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Meitu makes muted debut in HK's biggest tech debut since 2007
[HONG KONG] Chinese selfie-apps developer Meitu Inc stood little changed from its offer price Thursday, a less-than-stellar debut for the biggest initial public offering since the start of a program that made it easier for mainland investors to buy and sell stocks in Hong Kong.
Meitu's IPO was also the biggest coming-out party for a tech company since 2007, when Alibaba.com Ltd listed. Its shares stood at HK$8.50 at 9.49 am local time, unchanged from an offer price that was already at the bottom of a marketed range. Meitu now has a valuation of HK$35.9 billion (S$6.65 billion).
The Xiamen-based company wants to rake in the benefits of a Hong Kong-Shenzhen link that began this month, as more mainland Chinese seek alternative investments to diversify their assets, Chairman Cai Wensheng said in an interview. Meitu is trying to capture more overseas users in the US and Southeast Asia, as it generates more money from advertising and e-commerce."Meitu's majority of users are still in the mainland; they acknowledge our value and we are providing a chance for them to become Meitu's shareholder," said Mr Cai in an interview on Tuesday. "It's hard for Chinese to go to the US and open stock brokerage accounts, but because of the Shenzhen-Hong Kong link, everyone can buy our stock." Hong Kong's link to Shenzhen, a technology hub and home to China's second-largest equity market, kicked off this month. While it enables mainland investors to buy Hong Kong stocks directly, there are quotas and restrictions on the shares that can be bought, including that they are a member of key indexes.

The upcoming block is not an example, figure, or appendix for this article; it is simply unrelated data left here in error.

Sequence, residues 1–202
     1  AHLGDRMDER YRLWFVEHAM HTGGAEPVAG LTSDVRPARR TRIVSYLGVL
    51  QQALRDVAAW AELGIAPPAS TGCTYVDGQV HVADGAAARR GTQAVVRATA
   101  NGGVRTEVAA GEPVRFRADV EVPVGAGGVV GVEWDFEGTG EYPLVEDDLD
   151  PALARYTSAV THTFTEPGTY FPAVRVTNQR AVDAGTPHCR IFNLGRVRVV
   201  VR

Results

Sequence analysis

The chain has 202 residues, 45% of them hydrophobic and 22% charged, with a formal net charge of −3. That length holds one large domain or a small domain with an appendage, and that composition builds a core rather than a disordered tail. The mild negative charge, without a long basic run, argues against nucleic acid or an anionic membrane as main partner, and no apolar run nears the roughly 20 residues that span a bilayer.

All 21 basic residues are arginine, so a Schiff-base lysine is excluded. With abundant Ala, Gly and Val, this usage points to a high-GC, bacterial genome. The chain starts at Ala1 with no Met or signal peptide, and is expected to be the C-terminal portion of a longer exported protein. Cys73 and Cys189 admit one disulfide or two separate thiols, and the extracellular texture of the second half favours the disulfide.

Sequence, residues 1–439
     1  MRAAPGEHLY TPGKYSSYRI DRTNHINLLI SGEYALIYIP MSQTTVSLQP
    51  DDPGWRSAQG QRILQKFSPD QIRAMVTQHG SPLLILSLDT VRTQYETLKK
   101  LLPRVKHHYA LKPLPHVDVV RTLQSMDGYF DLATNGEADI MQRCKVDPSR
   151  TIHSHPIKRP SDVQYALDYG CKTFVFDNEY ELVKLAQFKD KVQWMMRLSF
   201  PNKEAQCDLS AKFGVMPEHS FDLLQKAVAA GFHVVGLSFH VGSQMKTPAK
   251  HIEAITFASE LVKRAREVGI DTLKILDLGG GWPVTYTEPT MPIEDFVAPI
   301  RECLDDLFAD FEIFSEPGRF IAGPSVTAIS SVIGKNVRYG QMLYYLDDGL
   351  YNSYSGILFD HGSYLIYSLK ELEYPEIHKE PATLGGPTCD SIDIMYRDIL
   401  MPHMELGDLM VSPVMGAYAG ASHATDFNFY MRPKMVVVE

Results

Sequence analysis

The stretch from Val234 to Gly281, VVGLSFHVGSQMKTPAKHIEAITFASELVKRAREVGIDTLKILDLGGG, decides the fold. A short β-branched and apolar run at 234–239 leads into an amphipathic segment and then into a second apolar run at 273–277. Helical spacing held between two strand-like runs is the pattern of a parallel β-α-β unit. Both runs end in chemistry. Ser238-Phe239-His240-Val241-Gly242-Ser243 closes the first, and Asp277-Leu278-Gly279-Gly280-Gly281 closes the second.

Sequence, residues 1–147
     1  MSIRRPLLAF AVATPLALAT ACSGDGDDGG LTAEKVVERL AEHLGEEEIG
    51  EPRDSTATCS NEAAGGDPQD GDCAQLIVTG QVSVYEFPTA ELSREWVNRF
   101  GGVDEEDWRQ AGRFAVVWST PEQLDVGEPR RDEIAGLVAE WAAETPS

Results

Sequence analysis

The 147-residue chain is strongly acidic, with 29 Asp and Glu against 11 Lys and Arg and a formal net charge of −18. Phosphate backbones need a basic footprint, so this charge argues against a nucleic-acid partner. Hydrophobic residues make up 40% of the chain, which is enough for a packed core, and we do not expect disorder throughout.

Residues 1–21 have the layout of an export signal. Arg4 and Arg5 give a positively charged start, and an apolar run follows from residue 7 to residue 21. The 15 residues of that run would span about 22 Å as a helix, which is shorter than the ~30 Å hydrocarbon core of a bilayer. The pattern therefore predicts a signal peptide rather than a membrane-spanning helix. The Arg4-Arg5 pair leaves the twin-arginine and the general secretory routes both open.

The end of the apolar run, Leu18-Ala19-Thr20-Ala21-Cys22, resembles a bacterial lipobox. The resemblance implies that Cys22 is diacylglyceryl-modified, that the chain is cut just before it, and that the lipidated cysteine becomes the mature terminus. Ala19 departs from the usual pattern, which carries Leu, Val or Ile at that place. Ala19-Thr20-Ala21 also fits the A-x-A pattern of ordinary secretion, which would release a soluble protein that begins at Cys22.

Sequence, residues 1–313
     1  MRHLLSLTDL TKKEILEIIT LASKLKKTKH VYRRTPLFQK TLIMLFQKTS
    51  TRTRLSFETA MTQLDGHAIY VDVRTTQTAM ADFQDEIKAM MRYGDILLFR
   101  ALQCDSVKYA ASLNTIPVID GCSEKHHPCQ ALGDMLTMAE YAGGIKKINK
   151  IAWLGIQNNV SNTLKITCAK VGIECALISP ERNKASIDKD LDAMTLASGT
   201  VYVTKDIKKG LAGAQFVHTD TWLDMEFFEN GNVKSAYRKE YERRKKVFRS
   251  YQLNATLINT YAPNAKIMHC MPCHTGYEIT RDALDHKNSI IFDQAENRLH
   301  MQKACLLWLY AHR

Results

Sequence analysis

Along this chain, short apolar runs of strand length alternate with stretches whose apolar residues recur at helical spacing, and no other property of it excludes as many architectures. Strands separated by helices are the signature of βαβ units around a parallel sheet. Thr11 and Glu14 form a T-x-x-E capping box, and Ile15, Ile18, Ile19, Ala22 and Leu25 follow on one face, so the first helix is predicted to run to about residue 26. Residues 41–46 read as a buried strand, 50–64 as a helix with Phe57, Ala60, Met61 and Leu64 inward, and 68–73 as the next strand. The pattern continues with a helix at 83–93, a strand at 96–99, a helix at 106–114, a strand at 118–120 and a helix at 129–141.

"Meitu has a chance of getting a better valuation in Hong Kong than if it listed in the US," said Marie Sun, an analyst at Morningstar Investment Service. "It can attract more funding in Hong Kong because people are familiar with its product." The listing of the selfie application and phone maker, which raised US$629 million, marks the biggest initial public offering by a technology company in Hong Kong since 2007.
While mobile devices account for about 95 per cent of revenue at the company, Ms Cai envisions it to drop to less than 30 per cent within three years as services and software take off.
The company, which runs apps including Meitu, Meipai and BeautyPlus, is ratcheting up a presence in overseas markets to lure more people beyond the existing 456 million monthly active users. Beauty Plus currently has more than 160 million users including in Japan, Indonesia and India. It will develop more localized features for people in the US, including tools that make people look tanned in their photos, said Mr Cai.
Meitu expects its internet services and others segment, which includes ads and virtual gifts, could break even by the end of next year, according to its prospectus. For its e-commerce business it will work with brands including Dior and Ports to focus on the mid-to-high-end market, said Mr Cai.
The controlling shareholder of Hong Kong-listed fashion company Portico International Holdings Ltd agreed to buy US$120 million of stock in Meitu's IPO as a cornerstone investor. Chinese property developer Kingkey Group committed to invest US$40 million. Such stock buyers typically agree to keep their holdings for six months in return for early, guaranteed allocation.